It’s now a week since I left sunny NZ.  The first couple of days at Canoe Cove were not too flash, I caught some disease (United Airlines food poisoning maybe) and felt awful.  For two days I was pretty useless, feeling cold and miserable and couldn’t eat.  Luckily, I stayed at an Airbnb just five minutes walk away from the boatyard for four days so had a warm bed to return to each night.

A Cold Afternoon at Canoe Cove. Photo, Ray Penson
A Cold Afternoon at Canoe Cove. Photo, Ray Penson

Well its rained every day since I have been here, real spring weather, rain on and off.  When the sun comes out its glorious for a few minutes then the cloud and bitterly cold wind kick in again.  Not the best antifouling weather and it’s taken me 4 days to get the hull ready for the final coats to go on.  When I did the antifouling in Alaska last year I saved money by using Petit antifouling paint.  Well, cheap is not always good and I have spent a lot of time sanding and scraping the Petit paint down to a good substrate.  This time I am using International CRC paint and hope it will do a good job on its way back to NZ.

I just received a bunch of Pacific charts from Redwise ship delivery.  So kind of them, it will save me money and give me paper chart back up should my electronics fail.  Redwise is the company I do ship delivery for and they are a top quality outfit and very professional.

Looking back on the past week I don’t seem to have achieved much.  Truce is in a terrible mess, I have sail bags heaped in the salon and spare gear scattered all over the place.  I had a new shaft and dripless stern seal installed over the winter and want to leave the aft lockers clear for when we get back into the water so I can see if we have any leaks.  On Tuesday when we floating again I can start stowing things and getting shipshape again.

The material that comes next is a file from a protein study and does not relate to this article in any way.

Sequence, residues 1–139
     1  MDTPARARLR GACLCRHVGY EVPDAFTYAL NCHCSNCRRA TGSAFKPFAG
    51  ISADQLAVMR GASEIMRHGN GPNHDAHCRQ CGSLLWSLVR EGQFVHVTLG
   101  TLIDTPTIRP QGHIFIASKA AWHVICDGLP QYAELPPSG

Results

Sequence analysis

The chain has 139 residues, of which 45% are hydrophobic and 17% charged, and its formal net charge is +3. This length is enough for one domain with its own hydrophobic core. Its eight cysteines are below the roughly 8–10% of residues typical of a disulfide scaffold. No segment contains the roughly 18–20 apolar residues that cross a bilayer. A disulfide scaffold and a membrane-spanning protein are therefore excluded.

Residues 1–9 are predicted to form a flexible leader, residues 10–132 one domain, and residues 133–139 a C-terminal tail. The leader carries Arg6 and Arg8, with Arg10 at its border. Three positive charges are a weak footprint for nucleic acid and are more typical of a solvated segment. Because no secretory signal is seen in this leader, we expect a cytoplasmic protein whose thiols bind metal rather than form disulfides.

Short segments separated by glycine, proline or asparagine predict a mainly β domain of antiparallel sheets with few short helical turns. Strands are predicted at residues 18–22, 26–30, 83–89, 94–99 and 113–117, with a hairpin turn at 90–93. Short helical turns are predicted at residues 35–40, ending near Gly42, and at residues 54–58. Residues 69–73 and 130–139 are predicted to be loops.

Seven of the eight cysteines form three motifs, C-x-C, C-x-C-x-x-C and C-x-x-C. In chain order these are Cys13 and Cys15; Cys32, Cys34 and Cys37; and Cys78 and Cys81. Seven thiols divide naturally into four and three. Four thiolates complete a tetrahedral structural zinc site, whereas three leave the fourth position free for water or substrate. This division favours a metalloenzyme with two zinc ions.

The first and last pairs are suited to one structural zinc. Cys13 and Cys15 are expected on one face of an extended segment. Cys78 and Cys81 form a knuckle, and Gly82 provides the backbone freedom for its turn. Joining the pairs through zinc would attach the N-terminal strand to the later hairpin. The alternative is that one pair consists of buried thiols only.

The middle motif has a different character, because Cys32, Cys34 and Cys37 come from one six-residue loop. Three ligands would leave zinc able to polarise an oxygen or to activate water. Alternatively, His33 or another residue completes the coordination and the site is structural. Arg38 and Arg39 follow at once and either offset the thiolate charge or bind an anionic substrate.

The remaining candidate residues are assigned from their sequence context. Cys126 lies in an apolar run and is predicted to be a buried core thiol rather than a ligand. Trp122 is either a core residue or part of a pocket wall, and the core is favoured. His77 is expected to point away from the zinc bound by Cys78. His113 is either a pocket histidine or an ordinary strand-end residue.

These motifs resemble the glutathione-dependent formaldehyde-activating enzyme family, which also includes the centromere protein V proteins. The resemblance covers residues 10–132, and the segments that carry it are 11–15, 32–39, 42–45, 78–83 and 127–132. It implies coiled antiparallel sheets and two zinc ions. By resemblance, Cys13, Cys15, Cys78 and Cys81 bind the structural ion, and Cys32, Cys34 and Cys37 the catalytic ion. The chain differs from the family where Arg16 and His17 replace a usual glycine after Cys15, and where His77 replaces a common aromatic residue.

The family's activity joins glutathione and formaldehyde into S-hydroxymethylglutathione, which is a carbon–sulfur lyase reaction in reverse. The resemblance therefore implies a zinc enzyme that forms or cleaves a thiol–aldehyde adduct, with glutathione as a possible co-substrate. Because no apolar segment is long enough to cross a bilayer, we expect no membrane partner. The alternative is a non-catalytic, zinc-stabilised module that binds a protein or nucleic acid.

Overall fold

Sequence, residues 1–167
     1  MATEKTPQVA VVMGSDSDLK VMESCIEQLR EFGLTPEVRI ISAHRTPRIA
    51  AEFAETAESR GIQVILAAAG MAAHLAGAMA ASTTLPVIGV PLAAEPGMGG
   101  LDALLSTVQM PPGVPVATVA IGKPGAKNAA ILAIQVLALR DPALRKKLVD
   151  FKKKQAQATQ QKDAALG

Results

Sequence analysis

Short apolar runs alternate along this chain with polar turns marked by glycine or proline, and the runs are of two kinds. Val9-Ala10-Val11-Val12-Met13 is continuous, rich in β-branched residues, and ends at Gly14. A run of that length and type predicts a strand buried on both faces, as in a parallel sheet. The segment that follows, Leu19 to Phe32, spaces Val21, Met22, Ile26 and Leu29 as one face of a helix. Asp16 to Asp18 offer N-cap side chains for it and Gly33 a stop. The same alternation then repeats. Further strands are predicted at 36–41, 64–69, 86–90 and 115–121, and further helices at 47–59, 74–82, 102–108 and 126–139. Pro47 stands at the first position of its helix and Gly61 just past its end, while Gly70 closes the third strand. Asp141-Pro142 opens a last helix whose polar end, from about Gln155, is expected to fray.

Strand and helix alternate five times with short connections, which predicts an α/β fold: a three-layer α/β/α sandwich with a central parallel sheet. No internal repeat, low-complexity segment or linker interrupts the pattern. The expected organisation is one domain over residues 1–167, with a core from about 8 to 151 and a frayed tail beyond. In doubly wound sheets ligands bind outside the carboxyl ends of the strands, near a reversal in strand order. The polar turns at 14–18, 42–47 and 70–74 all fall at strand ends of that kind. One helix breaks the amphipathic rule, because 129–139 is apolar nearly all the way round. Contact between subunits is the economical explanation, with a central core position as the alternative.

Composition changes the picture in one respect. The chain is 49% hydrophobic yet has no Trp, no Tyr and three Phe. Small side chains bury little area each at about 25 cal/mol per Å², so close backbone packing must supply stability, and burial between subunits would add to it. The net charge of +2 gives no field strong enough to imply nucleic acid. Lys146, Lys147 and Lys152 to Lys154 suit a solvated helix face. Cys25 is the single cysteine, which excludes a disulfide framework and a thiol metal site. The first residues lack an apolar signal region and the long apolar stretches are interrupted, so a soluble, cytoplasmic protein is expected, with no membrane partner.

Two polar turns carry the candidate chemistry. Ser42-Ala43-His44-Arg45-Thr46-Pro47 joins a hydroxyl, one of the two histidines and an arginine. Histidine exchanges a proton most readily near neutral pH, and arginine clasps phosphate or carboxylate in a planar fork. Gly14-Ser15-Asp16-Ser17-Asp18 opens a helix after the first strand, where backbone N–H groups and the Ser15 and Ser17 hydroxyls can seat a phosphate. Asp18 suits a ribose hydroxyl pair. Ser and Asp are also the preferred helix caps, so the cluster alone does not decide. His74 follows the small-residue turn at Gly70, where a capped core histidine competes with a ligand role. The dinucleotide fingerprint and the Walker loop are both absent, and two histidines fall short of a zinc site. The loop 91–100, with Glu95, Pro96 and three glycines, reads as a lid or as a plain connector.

Tomorrow should see the first coat of antifouling finished – I cant wait to be finished with this job.



Today Ngozi and I had some quality time together in Hoonah.  Once the usual chores of laundry, provisioning and maintenance were out of the way we went for a walk around Hoonah.  Its not a big place so its not a difficult mission but the locals are friendly and always have time for a chat so it’s a pleasant experience.

Walking around Hoonah
Walking around Hoonah

In the evening we visited Icy Strait Brewing again to sample the latest brew.  It’s pretty strong stuff and after three glasses each we felt no pain.

Ngozi is flying out to New Zealand tomorrow morning, it has been fantastic to have company again but the time has gone too quickly.  I will be sorry to see her go.  We have been very lucky with the weather, beautiful calm warm days and balmy nights.  We have experienced the Glaciers calving, whales feeding and a whole range of wildlife – apart from bears.  It’s been a unique experience for both of us.

Tomorrow I will start the next voyage south from Hoonah to Victoria BC.  I haven’t decided which route south to take yet, maybe the weather will decide for me in the morning.  Total Voyage distance 1,632.8 miles.


Hartley Bay is an interesting place, I went for an explore last night.  it’s a small Indian community with access by boat, helicopter or seaplane.  There is no road access and in fact no roads.  The village is connected by raised wooden boardwalks upon which ATV’s, quads and Polaris whiz around.  The ground is quite wet so buildings are elevated off the earth and connected by bridges to the boardwalks.

Hartley Bay, Image Google map
Hartley Bay, Image Google map

This morning we caught the tide up Grenville Channel, first we sailed, tacking up the channel against the wind.  We covered quite a distance from side to side but didn’t make much actual progress up the channel so Mr Yanmar was called into action, his mighty 24 horsepower soon has us scooting along, helped by the current.

Grenville Channel British Columbia
Grenville Channel British Columbia

I have been up and down Grenville Channel in the past on big ships, navigating between Prince Rupert and Vancouver.  I must say, after a few transits on a big ship the channel is quite boring, just water and trees on hills.  The perspective from a small boat is quite different, I am now happy that the weather forced this route on me.

This evening we are anchored at Lowe Inlet which is the first anchorage northbound on the channel.  Only one other yacht, the American boat from Harvey Bay, came up the channel today.

A number of local fishing boats have popped into the inlet for the night as well.  Tomorrow will be a late start to get the lift of the ebb towards Klewnugget Inlet where there is supposed to be the ‘most beautiful’ anchorage.  We will probably have to motor again as the wind will be blowing down the channel towards us.  Total Voyage distance 582.2 miles.

Logged 23rd May 2016

Image: bcmarina (Grenville Channel British Columbia)